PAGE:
I posted back in Nov re: WPW and have some follow up questions. My history is: 37 yo female, regular exercise, healthy diet, low cholesterol, non smoker, 1 grandparent who died of heart attack. 10 years ago I began having palps. I consulted a cardiologist and had EKG, holter test and echo. All were normal. EKG indicated I had a "borderline short pr-interval". Holter test captured "3 short bursts of SVT, occasional PACs and PVCs". I was told I had nothing to worry about. During a c-section last Oct, I experienced an arrythmia and the anestisiologist noted I had a "delta wave". An EKG in the recovery rm was read by the same dr who again noted a "delta wave". However, a cardiologist who read the same EKG did not note a delta wave, only a short PR int. In Nov, I saw a cardiologist and 2 different EPs. I had several EKGs, an echo and an event monitor. This captured PVCs at rest and during exercise. All 3 docs told me the same thing: they saw no evidence of WPW or preexcitation, the PVCs were benign, and to come back if I ever experience tachycardia. They all noted a short pr int as well. I am relieved that I don't have WPW but I'm confused by the short pr int. My questions are:
1. What does a short pr int. mean? Is this dangerous?
2. Why was the interval short on some EKGs and not others?
3. I have never experienced SVT. Is it likely I will as I age?
4. Am I at any risk of sudden cardiac death?
5. I'm a runner and concerned about exercising. Do I need a stress test? I captured PVCs on event mon during exercise.Is this a good enough?
1) The PR interval represents the time from the onset of atrial depolarization to the onset of ventricular depolarization. It is a measured time on the surface ekg. A short PR interval may also occur as a normal variant, although it is much more common in the pediatric population and at faster heart rates. In itself it is not dangerous.
2) See above regarding heart rate variability. Also, the machine may be off a bit in it's measurements.
3) The baseline risk is truthfully not known, but should not increase to any degree as you age.
5) Most likely not from the information you mention. Event monitors and stress testing look at different things and one doesn't substitute for another.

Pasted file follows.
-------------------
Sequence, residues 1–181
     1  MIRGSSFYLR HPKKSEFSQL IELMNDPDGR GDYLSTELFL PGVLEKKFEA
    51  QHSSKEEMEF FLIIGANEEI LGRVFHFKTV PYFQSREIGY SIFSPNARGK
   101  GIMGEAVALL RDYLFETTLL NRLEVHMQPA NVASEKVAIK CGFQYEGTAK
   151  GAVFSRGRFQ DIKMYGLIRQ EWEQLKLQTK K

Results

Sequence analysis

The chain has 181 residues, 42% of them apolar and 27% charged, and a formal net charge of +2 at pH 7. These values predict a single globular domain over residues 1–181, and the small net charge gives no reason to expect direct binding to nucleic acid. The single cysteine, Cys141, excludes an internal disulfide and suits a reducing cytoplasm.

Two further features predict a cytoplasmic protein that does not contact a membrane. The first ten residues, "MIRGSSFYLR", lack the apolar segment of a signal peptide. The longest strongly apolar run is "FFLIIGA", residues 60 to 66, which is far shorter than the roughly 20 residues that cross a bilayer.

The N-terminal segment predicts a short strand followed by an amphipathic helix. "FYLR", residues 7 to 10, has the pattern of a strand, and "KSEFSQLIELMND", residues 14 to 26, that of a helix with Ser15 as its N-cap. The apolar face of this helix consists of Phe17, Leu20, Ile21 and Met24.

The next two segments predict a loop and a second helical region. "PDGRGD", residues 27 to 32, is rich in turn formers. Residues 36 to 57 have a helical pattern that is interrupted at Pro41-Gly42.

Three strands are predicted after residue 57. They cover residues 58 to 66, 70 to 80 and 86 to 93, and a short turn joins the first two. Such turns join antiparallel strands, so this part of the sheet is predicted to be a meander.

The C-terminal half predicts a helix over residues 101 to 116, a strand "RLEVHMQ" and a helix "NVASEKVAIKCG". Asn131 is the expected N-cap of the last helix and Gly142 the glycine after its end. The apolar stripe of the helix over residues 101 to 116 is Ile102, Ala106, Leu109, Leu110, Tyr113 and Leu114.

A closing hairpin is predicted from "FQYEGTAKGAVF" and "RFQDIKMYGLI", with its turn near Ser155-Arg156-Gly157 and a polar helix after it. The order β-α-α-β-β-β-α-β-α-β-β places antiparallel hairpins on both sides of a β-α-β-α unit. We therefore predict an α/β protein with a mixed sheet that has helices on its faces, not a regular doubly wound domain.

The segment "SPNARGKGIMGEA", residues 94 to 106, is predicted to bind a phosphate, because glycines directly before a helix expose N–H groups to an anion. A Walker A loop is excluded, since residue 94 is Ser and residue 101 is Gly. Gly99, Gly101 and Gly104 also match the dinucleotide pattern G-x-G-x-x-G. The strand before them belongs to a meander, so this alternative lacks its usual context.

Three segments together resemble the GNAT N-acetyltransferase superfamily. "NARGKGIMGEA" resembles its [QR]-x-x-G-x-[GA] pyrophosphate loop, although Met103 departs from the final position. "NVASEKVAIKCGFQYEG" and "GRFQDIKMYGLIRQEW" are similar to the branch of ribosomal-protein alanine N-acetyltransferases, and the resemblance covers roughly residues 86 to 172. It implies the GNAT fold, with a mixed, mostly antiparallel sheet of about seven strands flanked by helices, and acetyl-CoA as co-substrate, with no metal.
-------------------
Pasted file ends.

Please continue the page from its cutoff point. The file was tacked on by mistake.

Thank you for your reply. I was reading another posting about WPW and concealed accessory pathway. Is it possible that I may have a concealed pathway since my EKGs have been normal except for the short pr interval? I have never experienced tachycardia (that I know of) except the short bursts (3 beats) noted in my holter monitor test. If I did have a concealed pathway, with all the testing I've had done over the past 10 years, wouldn't the drs pick up on it? I'm really uptight about my heart since I'm only 37 and have 3 children. It makes me nervous to know there is even a small risk of death for people with a concealed pathway. I guess I'm seeking some reassurance I am not at risk of death or a future of heart problems. I want to make sure I do everything I can to make sure I'm around to see my children grow up!
I just wanted to add a comment about the short p-r interval that may make it seem a little less worrysome. I also am 37 and have 3 kids, and I was recently told that I have a short pr interval. I was in the clinic feeling weak, ill, and dizzy (thinking it was a virus) and the ekg revealed the short pr interval. The doctor set me up with a follow up in Fam. Practice which I am scheduled for tomorrow and I may have to go for a complete cardiac workup. He also said it may just be anxiety and episodes of "panic attack" which I don't believe. Though I do often have alot of stress with 3 kids, a house, 3 pets, and full time college courses, I can usually handle it all pretty well and have never had any type of anxiety attack before. The funny thing is that even though the doctor says I may have WPW syndrome, nobody seems to be very concerned about it but me - the nurse that I had to call to set up my appointment was very blase about it and actually pretty rude when I let it be known that I was concerned and wanted to be seen as soon as possible. I have been researching it all over the net, and for the most part it is not life-threatening and many people who are asymptomatic will not have to ever have any treatment. ON the other hand, if you are symptomatic, you could actually go into a life threatening arrhythmia suddenly. I have always been active and now that I have been told about this potential syndrome, it makes sense to me that I have always gotten overexerted in exercise very easily even in my best shape as well as getting dizzy very easily. I have even run a marathon and several 1/2 marathons, with little difficulty, but my heartrate does get up higher than it should for my age. I actually hope that they find this to be WPW and schedule me for the catheter ablation which destroys the extra conduction pathways so I can see if it makes a difference in my exercise. Also, I do often get lightheaded and dizzy, especially when I get up from sitting to standing quickly. Good luck to you and I'll check back to see if there have been any more comments since my post.
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